Santos to donate Nobel prize money to Colombia conflict victims

October 10, 2016 9:08 am
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Colombian president Juan Manuel Santos, pictured with his wife Maria Clemencia Rodriguez on October 7, 2016, will donate his Nobel Peace Prize money to victims of his country's conflict/AFP
Colombian president Juan Manuel Santos, pictured with his wife Maria Clemencia Rodriguez on October 7, 2016, will donate his Nobel Peace Prize money to victims of his country’s conflict/AFP

, BOGOTA, Colombia, Oct 10 – Colombian President Juan Manuel Santos announced Sunday that he would donate his $925,000 in Nobel Peace Prize money to victims of the conflict that has roiled his country for half a century.

Accompanied by his wife and children, as well as several members of his cabinet, the winner of this year’s Nobel Peace Prize for his efforts to broker a peace deal with the Revolutionary Armed Forces of Colombia (FARC) said the funds would go toward “projects, foundations or programs that deal with victims and reconciliation.”

Overview
  • The Colombia leader was speaking after a religious ceremony to dozens of victims of the armed conflict, where 79 people were killed in 2002 when FARC fighters threw an explosive device at a church where villagers were sheltering from fighting between guerrillas and paramilitary forces.
  • Colombia's five-decade conflict has killed more than 260,000 people, left 45,000 missing and forced nearly seven million to flee their homes.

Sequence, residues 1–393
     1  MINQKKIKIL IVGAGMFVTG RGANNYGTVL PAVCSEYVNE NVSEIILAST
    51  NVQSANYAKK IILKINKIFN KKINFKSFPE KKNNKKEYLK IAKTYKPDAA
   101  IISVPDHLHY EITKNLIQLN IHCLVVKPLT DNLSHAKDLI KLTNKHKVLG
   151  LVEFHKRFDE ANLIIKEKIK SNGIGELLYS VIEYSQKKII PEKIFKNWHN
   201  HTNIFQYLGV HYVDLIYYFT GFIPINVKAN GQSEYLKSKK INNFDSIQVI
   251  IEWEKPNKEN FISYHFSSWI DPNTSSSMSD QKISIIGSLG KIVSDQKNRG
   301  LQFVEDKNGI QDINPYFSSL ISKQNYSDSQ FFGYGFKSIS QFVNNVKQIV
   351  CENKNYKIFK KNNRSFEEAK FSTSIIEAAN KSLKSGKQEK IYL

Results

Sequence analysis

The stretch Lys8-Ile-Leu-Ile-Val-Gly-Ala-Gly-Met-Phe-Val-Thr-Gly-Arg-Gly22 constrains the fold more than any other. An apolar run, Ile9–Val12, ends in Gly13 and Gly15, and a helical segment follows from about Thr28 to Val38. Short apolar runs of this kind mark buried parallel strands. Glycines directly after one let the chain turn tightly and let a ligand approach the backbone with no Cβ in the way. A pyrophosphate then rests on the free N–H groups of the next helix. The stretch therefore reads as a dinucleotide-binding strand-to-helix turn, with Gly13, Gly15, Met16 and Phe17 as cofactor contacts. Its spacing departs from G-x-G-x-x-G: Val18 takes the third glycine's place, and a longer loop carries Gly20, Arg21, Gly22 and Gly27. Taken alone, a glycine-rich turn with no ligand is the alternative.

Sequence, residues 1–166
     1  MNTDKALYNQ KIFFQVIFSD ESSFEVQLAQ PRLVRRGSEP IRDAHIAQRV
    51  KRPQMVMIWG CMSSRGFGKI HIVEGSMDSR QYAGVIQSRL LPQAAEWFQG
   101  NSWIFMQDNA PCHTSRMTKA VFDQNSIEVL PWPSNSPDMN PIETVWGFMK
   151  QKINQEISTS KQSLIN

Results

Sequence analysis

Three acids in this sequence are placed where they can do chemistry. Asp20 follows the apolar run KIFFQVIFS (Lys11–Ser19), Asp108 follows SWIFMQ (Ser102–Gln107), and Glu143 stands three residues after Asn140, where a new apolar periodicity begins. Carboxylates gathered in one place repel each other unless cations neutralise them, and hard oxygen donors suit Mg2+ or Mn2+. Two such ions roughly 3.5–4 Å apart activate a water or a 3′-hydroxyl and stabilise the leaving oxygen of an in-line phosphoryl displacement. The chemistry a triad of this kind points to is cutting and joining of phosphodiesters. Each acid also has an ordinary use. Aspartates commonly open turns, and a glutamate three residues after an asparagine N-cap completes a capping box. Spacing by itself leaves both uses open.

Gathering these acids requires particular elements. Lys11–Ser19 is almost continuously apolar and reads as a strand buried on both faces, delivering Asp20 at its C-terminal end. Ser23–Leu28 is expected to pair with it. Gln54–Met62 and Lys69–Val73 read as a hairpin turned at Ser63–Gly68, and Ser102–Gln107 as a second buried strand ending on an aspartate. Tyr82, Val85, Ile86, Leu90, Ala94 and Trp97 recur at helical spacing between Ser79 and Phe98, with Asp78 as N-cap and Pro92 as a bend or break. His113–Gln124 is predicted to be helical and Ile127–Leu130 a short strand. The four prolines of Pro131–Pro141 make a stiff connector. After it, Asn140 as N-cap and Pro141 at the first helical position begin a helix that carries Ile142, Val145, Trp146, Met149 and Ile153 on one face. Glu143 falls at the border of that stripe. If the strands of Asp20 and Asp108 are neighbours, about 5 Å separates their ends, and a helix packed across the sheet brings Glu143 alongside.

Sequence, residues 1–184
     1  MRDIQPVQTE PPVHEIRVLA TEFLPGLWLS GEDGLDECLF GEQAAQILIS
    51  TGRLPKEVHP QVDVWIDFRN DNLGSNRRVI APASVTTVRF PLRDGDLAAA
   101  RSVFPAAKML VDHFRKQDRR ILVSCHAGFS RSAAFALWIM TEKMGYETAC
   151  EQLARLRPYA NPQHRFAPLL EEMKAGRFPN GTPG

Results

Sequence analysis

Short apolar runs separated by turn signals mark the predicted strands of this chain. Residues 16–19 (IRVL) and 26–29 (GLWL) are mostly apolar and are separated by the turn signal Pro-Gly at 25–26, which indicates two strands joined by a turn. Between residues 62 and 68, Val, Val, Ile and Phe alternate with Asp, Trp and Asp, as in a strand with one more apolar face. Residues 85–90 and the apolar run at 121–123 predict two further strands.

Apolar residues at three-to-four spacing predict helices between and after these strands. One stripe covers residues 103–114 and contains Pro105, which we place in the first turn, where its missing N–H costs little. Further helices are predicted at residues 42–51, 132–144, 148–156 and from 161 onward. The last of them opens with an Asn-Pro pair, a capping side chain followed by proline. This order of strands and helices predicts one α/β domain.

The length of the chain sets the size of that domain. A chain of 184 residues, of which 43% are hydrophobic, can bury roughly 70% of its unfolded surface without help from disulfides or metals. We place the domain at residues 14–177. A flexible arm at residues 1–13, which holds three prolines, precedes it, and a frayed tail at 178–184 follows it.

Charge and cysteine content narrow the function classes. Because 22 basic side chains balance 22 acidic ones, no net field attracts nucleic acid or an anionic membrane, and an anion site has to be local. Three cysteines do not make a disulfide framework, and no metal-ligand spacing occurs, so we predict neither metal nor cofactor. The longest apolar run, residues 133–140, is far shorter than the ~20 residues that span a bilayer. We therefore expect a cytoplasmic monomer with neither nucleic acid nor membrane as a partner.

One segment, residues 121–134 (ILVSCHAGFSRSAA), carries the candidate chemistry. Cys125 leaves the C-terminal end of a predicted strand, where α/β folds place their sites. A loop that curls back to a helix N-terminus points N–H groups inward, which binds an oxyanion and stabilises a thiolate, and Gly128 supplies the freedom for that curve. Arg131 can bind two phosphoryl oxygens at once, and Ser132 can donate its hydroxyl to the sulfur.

“We’re going to persevere, we will persist, persist, persist and persist until we implement the agreement that was signed” with the FARC guerrillas, Santos said adding: “if we have to make adjustments to what we have already agreed, we will make those adjustments.”

The Colombia leader was speaking after a religious ceremony to dozens of victims of the armed conflict, where 79 people were killed in 2002 when FARC fighters threw an explosive device at a church where villagers were sheltering from fighting between guerrillas and paramilitary forces.

Colombia’s five-decade conflict has killed more than 260,000 people, left 45,000 missing and forced nearly seven million to flee their homes.

Under the peace deal, the FARC was to relaunch as a political party. But rightwing hardliners led a campaign against the accord, arguing it offered the rebels impunity for massacres, kidnappings and other crimes committed during the conflict.

In a referendum vote a week ago, Colombian voters narrowly defeated the peace deal.

The Nobel Peace Prize is a gold medal, a diploma and a check for eight million Swedish kronor (around $925,000), which will be presented at a ceremony in Oslo on December 10.

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